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Tech Tatva’15: It’s Time to Think Mechanical

The Paper Presentations held on October 9th, 2015 started out after a thirty minute delay due to the late arrival of participants. Regardless of the delay, students arrived at the lecture hall eager to present their research. However, to the organizers’ dismay, the projector was not functional and the whole company of students, judges, and organizers had to move to a neighbouring room to begin the presentation. Despite the technical difficulty, the event organizers were pleased to welcome the students. The participants at the event included students from Manipal Institute of Technology, St. Joseph’s Engineering College (Mangalore), and Malnad College of Engineering (Hassan).

The papers being presented were primarily focused on mechanical, automobile, and aeronautical engineering. The first team presented their plans to construct an eco-friendly automobile which runs on an electrical battery. While presenting their papers, each student effectively explained the working of the design and also revealed the vehicle’s drawbacks. Even though the battery powered car eliminated the emission of exhaust gas, the group explained how the car cannot achieve a speed greater than than thirty-five kilometers per hour. The following presentation, by a third-year student from MIT, introduced a new vehicle to vehicle communication system which incorporates the Spread System Technique. This communication system could be used to measure the distance between two vehicles and determine the relative location of the vehicles. Installing it into vehicles would ensure better road-traffic safety.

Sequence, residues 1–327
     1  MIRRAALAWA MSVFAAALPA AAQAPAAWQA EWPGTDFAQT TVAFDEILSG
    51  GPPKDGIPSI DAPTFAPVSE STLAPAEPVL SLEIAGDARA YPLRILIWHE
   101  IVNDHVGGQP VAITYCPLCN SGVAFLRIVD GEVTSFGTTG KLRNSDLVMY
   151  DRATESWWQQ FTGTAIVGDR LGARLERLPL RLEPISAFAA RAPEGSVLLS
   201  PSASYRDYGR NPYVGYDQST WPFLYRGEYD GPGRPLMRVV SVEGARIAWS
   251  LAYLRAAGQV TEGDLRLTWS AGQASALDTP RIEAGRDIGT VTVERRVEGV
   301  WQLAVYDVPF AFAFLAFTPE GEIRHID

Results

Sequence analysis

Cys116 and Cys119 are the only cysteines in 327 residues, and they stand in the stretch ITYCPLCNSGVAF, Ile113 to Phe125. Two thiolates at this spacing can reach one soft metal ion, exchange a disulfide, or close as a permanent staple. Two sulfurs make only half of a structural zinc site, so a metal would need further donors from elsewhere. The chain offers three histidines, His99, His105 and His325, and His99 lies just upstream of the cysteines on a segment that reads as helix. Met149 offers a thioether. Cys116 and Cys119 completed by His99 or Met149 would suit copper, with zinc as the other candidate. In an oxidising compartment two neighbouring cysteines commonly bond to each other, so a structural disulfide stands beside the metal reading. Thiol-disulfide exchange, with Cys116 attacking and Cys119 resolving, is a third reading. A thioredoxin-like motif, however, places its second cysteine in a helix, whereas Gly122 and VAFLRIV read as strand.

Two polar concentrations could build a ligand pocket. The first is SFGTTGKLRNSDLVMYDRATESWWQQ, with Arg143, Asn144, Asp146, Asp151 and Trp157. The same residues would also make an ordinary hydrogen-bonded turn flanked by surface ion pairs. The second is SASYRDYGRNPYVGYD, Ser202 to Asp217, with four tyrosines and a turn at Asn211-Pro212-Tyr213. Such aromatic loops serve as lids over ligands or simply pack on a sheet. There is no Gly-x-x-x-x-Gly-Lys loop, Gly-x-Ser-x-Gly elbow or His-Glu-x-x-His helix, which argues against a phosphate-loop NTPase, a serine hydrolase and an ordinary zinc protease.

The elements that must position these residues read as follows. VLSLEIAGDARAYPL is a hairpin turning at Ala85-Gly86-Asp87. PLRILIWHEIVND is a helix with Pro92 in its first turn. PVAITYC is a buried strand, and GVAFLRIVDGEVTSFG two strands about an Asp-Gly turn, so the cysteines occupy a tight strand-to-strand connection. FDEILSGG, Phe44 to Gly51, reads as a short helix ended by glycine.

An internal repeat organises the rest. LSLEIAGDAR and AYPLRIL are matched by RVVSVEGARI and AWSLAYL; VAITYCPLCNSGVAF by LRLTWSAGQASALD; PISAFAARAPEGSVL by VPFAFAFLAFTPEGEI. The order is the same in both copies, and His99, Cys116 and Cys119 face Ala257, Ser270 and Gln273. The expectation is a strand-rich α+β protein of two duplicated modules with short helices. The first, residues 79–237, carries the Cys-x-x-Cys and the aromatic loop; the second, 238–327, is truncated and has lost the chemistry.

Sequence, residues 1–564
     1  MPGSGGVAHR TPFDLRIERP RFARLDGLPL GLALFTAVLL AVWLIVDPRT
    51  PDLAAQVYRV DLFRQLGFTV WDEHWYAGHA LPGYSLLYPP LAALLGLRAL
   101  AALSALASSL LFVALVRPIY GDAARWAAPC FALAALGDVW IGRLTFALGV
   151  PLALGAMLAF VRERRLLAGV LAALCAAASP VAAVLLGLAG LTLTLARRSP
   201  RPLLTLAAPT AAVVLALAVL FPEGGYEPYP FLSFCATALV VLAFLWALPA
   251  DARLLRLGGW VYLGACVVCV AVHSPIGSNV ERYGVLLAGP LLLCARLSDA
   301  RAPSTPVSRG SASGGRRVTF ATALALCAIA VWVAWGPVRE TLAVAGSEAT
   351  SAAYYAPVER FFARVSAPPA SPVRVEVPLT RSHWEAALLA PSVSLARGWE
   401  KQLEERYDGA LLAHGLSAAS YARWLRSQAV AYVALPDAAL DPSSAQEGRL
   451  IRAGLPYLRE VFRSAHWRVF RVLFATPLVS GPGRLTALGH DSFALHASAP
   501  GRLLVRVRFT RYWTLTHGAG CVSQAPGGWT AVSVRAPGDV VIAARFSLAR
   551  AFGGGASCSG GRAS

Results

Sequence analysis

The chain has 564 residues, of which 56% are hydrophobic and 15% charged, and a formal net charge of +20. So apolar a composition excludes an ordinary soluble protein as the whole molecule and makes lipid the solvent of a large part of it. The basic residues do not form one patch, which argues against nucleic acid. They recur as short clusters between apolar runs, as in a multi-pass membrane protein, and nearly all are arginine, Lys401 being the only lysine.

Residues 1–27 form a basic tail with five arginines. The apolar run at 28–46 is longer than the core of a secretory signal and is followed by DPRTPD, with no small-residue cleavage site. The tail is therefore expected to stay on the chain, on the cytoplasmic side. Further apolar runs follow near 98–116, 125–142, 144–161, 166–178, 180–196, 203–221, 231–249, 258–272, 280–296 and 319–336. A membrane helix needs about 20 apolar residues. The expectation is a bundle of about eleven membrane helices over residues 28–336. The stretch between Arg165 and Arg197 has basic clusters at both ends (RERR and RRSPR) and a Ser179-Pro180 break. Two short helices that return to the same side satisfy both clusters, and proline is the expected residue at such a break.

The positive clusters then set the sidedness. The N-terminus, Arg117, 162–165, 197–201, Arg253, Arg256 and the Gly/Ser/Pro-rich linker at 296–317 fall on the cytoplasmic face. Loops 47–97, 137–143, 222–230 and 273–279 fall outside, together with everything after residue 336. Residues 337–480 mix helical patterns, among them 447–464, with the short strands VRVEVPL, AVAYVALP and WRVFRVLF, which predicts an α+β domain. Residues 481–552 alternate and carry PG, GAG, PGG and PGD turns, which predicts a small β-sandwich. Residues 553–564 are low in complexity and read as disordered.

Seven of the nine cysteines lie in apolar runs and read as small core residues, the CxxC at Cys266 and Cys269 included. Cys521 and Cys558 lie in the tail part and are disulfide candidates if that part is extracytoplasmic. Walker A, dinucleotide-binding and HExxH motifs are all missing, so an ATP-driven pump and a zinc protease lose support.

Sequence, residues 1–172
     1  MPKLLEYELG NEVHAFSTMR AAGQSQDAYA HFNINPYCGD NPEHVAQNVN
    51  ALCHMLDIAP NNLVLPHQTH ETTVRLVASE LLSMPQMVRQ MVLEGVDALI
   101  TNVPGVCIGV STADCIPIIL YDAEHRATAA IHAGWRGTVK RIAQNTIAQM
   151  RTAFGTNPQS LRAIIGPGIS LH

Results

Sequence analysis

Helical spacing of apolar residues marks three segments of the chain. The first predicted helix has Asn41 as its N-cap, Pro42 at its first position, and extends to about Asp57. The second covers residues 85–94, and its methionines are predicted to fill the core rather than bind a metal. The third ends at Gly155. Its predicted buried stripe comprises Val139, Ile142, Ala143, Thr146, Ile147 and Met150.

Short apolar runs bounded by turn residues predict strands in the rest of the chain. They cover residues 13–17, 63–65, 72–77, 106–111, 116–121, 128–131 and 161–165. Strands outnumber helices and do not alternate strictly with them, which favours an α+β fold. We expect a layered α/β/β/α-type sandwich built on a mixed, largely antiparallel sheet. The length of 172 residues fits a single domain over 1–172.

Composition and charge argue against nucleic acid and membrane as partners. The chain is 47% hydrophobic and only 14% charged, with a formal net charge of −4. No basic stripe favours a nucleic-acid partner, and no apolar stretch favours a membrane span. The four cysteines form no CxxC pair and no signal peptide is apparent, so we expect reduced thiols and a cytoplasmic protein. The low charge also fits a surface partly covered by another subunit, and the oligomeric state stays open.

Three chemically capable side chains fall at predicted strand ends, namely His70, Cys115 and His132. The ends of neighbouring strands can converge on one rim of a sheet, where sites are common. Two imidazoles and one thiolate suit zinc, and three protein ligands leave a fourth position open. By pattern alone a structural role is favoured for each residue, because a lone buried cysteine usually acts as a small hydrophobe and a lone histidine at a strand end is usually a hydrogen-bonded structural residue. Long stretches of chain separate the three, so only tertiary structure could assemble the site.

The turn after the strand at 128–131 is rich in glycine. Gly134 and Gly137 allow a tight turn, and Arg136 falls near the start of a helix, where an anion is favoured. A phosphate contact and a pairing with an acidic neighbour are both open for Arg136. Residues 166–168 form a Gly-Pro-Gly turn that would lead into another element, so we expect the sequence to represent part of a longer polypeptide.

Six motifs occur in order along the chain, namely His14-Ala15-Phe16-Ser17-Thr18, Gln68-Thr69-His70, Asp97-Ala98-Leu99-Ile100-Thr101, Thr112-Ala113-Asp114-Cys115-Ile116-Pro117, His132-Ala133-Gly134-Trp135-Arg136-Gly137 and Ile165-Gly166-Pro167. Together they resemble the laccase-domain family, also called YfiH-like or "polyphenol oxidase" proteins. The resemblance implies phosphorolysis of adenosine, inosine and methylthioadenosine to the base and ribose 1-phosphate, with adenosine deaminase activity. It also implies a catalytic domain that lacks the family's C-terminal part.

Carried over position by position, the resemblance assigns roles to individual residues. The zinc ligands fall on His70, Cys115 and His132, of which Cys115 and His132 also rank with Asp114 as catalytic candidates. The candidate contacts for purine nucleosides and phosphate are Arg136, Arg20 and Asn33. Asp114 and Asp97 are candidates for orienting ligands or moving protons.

The next batch of students, from Malnad College of Engineering, presented their idea on improving the speed magnetic levitated trains by reducing friction due to air. The team conducted a unique experiment by building a miniature version of the magnetic levitated train. This construction also helped them in comparing the speeds of the train in a vacuum as opposed to normal room conditions. Two students from St. Joseph’s Engineering College introduced an electrical trigger system for firearms. The team also explained how using an electrical trigger to spark the gunpowder minimizes the recoil and enhances the accuracy of guns.

During the presentations, the judges paid very close attention to the concepts and data presented by the students. They promptly asked questions to verify certain details and ensure that the students’ inferences were credible. The last student to present for the day, introduced a rather astonishing concept of building a kite called ‘Flash’, which would help humans achieve faster speeds while running. It would be interesting to see how the student would go about constructing and testing his idea.


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